TROOPS MOVE TO CLEAR TIANANMEN SQUARE
JUNE 3-4, 1989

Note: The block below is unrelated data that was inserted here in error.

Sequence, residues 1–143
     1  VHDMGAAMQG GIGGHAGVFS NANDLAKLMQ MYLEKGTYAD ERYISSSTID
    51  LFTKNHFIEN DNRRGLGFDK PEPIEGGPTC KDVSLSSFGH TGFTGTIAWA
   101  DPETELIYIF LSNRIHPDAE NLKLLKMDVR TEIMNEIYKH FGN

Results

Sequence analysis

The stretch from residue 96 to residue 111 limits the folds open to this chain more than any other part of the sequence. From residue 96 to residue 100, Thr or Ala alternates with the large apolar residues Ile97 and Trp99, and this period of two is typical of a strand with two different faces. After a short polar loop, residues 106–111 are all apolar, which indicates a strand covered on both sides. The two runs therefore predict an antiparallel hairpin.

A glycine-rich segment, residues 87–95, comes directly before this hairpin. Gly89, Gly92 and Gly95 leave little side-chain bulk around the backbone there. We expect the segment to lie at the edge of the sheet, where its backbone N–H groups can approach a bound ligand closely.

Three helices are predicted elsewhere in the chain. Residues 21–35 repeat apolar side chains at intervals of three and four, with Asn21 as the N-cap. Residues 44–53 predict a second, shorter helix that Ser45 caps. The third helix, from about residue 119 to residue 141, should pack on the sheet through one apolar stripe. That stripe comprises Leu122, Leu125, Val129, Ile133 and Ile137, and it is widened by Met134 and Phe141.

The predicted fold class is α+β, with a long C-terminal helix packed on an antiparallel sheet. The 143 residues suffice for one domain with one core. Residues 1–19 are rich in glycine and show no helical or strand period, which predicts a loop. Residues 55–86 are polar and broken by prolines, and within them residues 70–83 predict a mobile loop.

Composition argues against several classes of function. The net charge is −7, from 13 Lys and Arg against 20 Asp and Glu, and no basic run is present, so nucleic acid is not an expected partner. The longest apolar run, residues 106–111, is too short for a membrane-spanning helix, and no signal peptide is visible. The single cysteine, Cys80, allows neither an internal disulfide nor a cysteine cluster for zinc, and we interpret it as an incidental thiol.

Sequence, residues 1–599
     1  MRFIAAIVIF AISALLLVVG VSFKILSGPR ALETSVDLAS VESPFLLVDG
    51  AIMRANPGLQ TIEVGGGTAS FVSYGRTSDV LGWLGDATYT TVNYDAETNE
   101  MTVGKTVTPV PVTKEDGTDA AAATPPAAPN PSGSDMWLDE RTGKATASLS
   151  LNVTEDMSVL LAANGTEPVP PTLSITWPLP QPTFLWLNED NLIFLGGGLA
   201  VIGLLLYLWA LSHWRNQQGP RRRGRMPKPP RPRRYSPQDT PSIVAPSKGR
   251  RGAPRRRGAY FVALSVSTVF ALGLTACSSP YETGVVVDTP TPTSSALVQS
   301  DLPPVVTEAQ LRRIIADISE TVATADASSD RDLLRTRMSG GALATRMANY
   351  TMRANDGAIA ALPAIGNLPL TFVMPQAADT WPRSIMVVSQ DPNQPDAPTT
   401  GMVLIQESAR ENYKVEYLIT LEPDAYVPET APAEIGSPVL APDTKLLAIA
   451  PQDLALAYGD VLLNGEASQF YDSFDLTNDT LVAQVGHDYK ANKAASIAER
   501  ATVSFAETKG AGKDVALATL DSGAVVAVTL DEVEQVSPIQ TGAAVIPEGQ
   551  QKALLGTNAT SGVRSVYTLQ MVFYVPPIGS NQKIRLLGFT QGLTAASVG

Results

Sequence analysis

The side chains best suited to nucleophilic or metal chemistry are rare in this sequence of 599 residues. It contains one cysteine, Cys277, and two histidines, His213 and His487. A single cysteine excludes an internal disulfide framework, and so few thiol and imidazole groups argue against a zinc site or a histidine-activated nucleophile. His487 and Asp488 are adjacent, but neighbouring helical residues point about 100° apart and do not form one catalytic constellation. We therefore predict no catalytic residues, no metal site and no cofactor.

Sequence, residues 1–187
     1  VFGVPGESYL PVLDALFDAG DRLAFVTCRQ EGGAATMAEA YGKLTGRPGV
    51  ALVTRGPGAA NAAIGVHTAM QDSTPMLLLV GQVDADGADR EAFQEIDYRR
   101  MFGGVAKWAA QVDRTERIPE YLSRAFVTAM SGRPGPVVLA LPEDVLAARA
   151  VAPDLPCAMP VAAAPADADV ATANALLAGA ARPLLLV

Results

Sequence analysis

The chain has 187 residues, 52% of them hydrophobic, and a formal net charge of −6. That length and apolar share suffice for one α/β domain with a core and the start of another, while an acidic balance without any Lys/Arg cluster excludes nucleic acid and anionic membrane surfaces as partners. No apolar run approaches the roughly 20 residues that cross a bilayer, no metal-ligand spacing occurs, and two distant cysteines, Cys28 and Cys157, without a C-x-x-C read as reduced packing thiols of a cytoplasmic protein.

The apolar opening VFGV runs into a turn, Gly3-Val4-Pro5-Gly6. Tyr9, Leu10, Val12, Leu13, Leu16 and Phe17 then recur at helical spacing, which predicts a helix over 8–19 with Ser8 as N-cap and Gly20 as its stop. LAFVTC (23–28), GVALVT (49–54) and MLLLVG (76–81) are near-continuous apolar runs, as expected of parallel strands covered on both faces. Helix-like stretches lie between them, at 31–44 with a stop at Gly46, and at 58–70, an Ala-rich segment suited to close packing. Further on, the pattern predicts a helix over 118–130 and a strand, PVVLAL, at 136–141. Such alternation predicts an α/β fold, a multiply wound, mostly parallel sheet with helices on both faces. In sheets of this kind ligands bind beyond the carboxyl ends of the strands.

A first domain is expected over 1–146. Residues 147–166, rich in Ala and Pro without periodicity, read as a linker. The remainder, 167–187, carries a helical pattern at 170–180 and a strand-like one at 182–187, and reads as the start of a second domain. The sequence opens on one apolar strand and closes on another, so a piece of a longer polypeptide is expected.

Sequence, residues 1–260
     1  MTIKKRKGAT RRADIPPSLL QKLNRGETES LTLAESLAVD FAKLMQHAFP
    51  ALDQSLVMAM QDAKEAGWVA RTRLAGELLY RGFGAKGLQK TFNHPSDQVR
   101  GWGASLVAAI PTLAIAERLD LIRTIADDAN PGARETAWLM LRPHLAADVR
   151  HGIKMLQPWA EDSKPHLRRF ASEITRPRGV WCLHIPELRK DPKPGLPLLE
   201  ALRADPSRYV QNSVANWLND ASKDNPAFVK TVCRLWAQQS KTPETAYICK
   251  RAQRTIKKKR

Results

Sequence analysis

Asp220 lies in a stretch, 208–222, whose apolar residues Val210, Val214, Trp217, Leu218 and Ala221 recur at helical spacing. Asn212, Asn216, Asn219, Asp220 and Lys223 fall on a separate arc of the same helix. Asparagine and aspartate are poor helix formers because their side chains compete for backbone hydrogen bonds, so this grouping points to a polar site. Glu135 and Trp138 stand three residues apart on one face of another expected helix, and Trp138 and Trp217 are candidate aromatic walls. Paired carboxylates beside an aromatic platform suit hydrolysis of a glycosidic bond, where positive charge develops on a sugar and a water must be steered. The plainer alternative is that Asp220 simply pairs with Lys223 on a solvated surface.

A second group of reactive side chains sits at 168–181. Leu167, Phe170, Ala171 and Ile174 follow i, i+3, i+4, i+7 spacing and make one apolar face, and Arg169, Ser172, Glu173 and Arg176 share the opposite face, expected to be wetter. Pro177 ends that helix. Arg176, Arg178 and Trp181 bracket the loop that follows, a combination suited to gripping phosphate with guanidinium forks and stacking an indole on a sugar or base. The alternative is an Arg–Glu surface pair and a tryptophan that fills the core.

Having decided that armed force was needed to end the protests and uphold Communist rule, the leadership ordered in the army, a move that would send in an estimated 180,000 troops and armed police. The commander of the 38th army, who was entrusted with the task, refused to follow orders and checked himself into a hospital. Soldiers faced resistance from Beijing residents, especially in the western neighborhoods of Muxidi and Xidan. Troops on the ground and in tanks and armored vehicles fired into crowds as they pushed toward the square through makeshift barricades. Trucks, buses and military vehicles were set on fire and some troops killed citizens as they vented their rage. As troops closed the cordon around Tiananmen Square, a cohort of student die-hards refused to leave until persuaded to by other leaders, including Taiwanese singer Hou Dejian. City hospitals filled up with the dead and wounded. Hundreds, possibly thousands, were believed killed in Beijing and other cities during the night and in the ensuing roundup of those accused of related crimes. There has never been an official accounting of the casualties.